Polish Lowland Sheepdog - pons - pon the dog
PON Piekarz Kennel, The Netherlands
Coping with Separation Anxiety in PONS
PONS are an emotionally strong breed, but they are also subject to
Separation Anxiety when major changes (leaving them alone for long
periods of time, change in environment, favorite humans depart for work/school,etc.)
take place in their lives. Separation Anxiety can manifest as barking
for hours on end, whining,scratching at the door, chewing inappropriate
items and medical symptoms such as lethargy or not eating well.
Owners can cope with this condition, by following these tips:
- Leave clothes with your scent on them around the house. That’s
- Make sure your dog can keep busy while you’re gone. “If you
can get a dog beyond the first 45 minutes after you’ve left,
you’ve solved most of the problem. Try giving your dog an empty
milk container without the lid, but with some of the milk residue
still inside it. Dogs will be attracted by the smell, then they find
out it makes a really neat noise and then they’re king of the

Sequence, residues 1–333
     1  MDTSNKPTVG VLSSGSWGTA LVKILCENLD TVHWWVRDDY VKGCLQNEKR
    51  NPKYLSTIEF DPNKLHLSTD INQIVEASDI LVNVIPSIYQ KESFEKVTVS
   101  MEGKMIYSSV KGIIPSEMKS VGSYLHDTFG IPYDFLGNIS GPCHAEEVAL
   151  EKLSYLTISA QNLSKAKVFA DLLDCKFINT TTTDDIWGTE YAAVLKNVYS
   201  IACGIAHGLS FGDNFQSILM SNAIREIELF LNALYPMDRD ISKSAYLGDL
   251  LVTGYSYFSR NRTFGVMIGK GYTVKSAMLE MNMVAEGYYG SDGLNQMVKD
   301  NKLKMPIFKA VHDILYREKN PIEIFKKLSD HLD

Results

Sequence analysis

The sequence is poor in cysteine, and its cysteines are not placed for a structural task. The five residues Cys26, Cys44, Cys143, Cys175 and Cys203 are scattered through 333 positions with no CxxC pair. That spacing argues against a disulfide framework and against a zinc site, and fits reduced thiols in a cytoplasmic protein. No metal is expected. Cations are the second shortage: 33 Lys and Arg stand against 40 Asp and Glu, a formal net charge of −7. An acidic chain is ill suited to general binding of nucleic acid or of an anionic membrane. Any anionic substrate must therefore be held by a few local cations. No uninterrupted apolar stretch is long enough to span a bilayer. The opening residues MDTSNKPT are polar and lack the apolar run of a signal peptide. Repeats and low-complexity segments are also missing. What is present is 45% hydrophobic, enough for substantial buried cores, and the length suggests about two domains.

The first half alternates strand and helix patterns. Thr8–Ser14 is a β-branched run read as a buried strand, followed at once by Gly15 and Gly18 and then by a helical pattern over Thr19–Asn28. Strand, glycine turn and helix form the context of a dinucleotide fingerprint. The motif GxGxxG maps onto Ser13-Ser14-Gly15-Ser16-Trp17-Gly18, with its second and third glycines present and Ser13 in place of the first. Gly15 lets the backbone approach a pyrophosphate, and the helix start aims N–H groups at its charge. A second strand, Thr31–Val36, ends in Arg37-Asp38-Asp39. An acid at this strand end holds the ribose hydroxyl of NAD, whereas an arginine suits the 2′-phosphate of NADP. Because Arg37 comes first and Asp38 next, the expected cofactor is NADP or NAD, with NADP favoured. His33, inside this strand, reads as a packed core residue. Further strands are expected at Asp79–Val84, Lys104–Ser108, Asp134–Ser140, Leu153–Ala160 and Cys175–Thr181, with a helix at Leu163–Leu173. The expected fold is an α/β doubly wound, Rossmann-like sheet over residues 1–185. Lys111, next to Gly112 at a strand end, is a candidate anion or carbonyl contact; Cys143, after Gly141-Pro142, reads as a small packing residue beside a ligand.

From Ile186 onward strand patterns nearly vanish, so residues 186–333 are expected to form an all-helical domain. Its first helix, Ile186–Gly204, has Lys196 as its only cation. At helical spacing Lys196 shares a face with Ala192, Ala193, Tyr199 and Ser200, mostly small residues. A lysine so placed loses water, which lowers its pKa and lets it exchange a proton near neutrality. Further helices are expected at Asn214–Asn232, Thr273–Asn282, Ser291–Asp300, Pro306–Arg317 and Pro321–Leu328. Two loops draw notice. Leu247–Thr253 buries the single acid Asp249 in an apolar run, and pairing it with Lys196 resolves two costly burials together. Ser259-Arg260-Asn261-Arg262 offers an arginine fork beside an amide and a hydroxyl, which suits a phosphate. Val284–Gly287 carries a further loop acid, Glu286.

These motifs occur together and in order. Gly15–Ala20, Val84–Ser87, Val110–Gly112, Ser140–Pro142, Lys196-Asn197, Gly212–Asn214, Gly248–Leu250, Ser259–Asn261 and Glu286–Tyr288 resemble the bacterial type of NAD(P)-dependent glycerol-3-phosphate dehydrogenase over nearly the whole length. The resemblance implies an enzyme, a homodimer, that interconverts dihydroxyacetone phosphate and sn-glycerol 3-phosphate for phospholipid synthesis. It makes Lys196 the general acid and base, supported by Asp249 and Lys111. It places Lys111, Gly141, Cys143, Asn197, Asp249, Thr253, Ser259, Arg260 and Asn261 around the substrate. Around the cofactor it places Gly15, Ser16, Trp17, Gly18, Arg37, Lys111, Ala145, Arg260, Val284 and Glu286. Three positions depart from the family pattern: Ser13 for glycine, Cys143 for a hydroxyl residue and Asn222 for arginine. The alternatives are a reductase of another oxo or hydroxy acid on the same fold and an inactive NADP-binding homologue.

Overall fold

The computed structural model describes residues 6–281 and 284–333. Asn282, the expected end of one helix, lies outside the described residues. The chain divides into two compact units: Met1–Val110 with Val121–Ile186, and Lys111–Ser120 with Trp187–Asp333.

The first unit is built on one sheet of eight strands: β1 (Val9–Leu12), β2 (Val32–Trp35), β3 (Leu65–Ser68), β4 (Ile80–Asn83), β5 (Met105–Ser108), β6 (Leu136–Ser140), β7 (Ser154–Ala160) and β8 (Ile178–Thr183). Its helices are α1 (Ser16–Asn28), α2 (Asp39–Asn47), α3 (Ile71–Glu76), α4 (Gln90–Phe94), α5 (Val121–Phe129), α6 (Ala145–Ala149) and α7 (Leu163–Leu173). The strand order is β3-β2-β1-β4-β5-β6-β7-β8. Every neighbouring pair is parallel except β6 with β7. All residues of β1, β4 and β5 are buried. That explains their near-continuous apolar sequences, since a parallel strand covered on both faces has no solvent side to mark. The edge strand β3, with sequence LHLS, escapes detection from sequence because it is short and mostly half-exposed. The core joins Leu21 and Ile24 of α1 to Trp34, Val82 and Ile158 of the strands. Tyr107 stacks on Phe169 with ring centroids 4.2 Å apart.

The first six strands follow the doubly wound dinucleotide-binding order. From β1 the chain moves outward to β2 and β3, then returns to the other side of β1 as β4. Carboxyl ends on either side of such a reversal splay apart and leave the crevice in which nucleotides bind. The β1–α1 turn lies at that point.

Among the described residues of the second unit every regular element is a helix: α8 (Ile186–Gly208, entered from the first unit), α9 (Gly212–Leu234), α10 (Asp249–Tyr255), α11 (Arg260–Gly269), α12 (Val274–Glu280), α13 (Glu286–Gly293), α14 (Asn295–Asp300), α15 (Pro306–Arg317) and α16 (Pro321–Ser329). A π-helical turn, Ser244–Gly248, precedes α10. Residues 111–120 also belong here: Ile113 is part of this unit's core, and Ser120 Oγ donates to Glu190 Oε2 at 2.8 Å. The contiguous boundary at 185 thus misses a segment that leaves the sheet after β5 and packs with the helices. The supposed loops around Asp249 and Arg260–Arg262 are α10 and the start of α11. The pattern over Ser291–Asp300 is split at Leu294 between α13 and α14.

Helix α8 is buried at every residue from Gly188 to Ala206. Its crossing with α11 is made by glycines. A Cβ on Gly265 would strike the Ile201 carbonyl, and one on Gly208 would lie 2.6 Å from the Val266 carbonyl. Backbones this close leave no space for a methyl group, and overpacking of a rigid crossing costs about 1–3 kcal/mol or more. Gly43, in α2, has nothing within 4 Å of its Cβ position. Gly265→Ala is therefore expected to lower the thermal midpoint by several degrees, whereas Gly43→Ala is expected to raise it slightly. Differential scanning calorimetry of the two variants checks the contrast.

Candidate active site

mountain. They can super-entertain themselves.
- If your dog is outside, hang an old bike tire, a bunch of dish
rags knotted together or a shoe from a tree so the dog can play with
- Have a pet sitter come over once in a while to spend time with the
dog, or try doggie daycare two or three times a week. That can be
really enjoyable !
- Put the radio on a talk station or leave your TV on while you’re
gone. “That noise muffles any other kinds of sounds the dog might
worry about and it’s just background. These sounds are comforting
and are the sounds they hear when humans are home.
help with Separation Anxiety:
Punishment isn't effective for treating separation anxiety and can
make the situation worse. The destruction and house soiling that often
occur with separation anxiety aren't your PON's revenge for being left
alone: they're part of a panic response.
- Another PON.
Getting your PON a companion usually doesn't help an anxious dog
because his anxiety is the result of his separation from you, not just
the result of being alone.
Your PON will still engage in anxiety responses inside a crate, and he
may urinate, defecate, howl, or even injure himself in an attempt to
Solving Separation Anxiety issues:
It can take time for your PON to unlearn his panic
response to your departures. To help you and your PON cope short term,
consider the following practical solutions:
- Ask your veterinarian about drug therapy. A good
anti-anxiety drug shouldn't sedate your PON but simply reduce his
- Take your PON to a doggie day care facility or kennel
when you have to be away.
- Leave your PON with a friend, family member, or
neighbor when you're away.
- Take your PON to work with you, if possible.
- New: Put a "thunder" shirt on your PON. I
know of situations where this has helped more than other
- GOOD LUCK !